Poisons in the News: Ricin

By Wafa Unus

Two envelopes recently sent to federal elected officials, including the President, have tested positive for the deadly poison ricin.

According to news reports, preliminary tests have determined the identity of the poison but a full analysis takes between 24 to 48 hours.

This is not the first ricin poison attempt made on the Capitol. In 2004, a letter sent to then-Majority Leader Bill Frist’s office was found to be laced with the poison. As a result 16 employees were required to be decontaminated. Thankfully, no one became ill.

Ricin is a particularly concerning poison because of the ease by which it can be made and the potency of the toxin. An amount the size of a grain of salt can kill an adult.

Derived through the production of oil from castor beans, ricin is a waste product that, when purified, can be deadly.

Pure ricin, its most toxic form, is harder to produce. However, impure versions of the poison can easily be made. And, with more than 1 million tons of castor beans being processed per year, producing 5 to 10 percent ricin, the poison isn’t hard to come by.

How it Works

Ricin poisoning affects the body much like other poisons. When it enters the cells of the body by being inhaled, eaten or through skin and eye exposure, it blocks the body from making necessary proteins that the body needs to survive. As a result, the cells die, eventually causing the entire body to shut down.

It can take as little as four hours for symptoms to appear and 36 hours for fatality if the exposure is high enough.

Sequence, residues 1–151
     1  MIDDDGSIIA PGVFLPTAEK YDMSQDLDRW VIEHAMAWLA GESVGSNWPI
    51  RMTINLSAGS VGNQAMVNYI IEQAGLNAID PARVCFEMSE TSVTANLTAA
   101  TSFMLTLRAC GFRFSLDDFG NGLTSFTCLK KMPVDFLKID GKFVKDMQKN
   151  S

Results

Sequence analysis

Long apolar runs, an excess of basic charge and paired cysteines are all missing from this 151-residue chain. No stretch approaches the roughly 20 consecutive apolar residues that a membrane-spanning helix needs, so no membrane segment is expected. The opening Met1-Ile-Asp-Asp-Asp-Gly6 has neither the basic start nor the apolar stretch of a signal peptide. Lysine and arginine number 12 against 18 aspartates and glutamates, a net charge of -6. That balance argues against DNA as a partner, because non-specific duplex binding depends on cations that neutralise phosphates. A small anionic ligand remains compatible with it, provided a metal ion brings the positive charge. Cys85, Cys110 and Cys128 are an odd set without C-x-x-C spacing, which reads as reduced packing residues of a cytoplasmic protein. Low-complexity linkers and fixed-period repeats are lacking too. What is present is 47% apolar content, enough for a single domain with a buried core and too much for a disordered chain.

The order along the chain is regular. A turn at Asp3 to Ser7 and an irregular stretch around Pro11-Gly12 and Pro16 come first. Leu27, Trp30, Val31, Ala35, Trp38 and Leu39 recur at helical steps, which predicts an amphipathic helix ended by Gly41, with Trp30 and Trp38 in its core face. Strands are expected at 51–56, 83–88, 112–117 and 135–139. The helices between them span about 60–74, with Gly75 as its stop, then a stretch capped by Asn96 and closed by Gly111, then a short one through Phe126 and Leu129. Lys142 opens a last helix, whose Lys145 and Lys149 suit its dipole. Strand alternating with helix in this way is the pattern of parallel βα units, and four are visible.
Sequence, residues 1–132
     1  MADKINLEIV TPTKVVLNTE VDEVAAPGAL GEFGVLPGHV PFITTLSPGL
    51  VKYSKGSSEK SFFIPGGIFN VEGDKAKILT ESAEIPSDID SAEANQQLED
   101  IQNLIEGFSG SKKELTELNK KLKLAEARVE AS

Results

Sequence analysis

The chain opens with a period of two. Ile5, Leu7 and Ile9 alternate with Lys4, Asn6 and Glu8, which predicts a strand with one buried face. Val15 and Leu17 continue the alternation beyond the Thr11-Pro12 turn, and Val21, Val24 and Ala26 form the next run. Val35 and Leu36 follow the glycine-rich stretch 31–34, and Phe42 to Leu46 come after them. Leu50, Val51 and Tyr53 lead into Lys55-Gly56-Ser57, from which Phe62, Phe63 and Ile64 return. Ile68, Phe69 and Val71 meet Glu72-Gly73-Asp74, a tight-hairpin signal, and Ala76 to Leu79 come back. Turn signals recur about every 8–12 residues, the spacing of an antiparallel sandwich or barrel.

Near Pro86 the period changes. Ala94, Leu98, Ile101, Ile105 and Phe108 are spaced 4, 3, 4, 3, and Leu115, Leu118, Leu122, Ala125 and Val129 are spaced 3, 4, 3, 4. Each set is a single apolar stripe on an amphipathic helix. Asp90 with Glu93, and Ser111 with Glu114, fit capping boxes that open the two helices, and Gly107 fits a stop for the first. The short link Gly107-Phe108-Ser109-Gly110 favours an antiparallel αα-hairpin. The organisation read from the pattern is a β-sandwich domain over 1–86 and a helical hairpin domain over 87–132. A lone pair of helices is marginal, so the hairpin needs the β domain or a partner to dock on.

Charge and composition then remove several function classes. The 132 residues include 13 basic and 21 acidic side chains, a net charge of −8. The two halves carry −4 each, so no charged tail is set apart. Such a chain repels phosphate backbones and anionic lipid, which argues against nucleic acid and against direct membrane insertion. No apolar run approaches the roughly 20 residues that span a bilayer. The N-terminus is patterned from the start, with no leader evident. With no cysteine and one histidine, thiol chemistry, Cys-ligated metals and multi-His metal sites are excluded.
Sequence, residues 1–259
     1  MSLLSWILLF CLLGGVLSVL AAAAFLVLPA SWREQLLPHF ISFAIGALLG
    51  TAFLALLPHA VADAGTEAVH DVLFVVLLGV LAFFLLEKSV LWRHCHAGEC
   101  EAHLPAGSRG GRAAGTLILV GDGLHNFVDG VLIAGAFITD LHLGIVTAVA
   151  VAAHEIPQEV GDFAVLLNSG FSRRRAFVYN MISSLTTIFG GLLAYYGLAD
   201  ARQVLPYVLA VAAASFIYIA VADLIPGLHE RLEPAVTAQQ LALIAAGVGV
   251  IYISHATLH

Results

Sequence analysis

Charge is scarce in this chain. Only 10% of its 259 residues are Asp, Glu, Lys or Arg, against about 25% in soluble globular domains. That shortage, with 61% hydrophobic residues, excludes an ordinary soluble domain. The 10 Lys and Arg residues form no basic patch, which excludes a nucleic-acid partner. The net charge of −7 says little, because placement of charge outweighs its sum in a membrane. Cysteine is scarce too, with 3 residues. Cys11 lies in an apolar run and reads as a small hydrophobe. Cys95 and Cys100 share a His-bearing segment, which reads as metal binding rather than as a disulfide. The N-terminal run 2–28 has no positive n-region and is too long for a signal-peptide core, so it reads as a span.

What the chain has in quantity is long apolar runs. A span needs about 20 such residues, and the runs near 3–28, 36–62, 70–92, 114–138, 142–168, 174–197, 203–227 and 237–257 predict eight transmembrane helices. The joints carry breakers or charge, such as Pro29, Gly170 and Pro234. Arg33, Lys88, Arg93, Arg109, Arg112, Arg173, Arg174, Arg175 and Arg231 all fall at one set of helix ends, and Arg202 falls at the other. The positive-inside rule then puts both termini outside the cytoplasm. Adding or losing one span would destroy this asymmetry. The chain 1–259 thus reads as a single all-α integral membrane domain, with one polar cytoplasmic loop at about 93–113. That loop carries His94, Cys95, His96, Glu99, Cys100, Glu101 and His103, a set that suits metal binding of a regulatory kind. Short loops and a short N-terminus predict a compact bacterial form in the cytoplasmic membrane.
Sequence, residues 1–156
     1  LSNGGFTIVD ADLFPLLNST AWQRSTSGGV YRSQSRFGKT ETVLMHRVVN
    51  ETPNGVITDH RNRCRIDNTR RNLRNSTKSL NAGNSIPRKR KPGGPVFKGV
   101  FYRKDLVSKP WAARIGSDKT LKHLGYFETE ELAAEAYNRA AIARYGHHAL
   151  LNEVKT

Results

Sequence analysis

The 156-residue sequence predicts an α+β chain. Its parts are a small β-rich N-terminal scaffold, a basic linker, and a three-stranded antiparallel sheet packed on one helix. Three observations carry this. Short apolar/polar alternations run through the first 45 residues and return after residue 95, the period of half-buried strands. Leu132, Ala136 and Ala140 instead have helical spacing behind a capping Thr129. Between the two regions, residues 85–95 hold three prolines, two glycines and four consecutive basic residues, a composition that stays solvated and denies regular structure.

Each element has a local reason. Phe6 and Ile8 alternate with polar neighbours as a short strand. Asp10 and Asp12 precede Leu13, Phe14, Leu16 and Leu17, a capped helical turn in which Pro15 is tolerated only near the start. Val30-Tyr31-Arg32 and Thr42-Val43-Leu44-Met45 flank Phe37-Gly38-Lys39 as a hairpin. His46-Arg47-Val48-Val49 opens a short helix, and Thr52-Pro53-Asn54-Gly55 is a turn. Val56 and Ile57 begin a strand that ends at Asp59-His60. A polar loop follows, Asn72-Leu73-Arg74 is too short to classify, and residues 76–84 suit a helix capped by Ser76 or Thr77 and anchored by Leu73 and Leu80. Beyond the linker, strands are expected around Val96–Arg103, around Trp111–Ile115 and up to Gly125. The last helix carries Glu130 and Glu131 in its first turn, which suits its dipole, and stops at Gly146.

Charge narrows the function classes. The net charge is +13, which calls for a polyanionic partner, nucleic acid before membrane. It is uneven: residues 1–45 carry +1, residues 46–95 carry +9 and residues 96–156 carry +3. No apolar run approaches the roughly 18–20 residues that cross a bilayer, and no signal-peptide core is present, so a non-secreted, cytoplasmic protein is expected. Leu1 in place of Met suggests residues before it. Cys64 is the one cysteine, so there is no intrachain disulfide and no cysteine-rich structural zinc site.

Because there is no antidote for ricin poisoning, prevention is essential.

How Great is the Danger?

The toxin is most deadly if injected in its purified form. That’s what authorities say happened to Bulgarian journalist Georgi Markov in London in 1978. He died after being poked by a modified umbrella that housed an injector in its tip that contained ricin.

In the 1940s, the United States even considered using ricin as a biowarfare agent.

However, “home-brewed” ricin, the most commonly found version used in pervious poison attempts, is not particularly potent and has little potential to become a major threat, according Dr. Eric Toner of the Center for Biosecurity at the University of Pittsburgh Medical Center in an interview with NBC news.

Still, the United States government and many prominent entities have adopted strict screening procedures to prevent the delivery of toxic mail, following the 2001 anthrax attacks when anthrax-laced envelopes containing highly purified spores killed five and sickened 13 others.

For more information about ricin and its affects, watch this short video featuring Kansas University Hospital Poison Control Center Medical Director Dr. Stephen Thornton.
If you have questions about ricin, or any other toxic substance, contact your local poison center for free, expert information. 1-800-222-1222.

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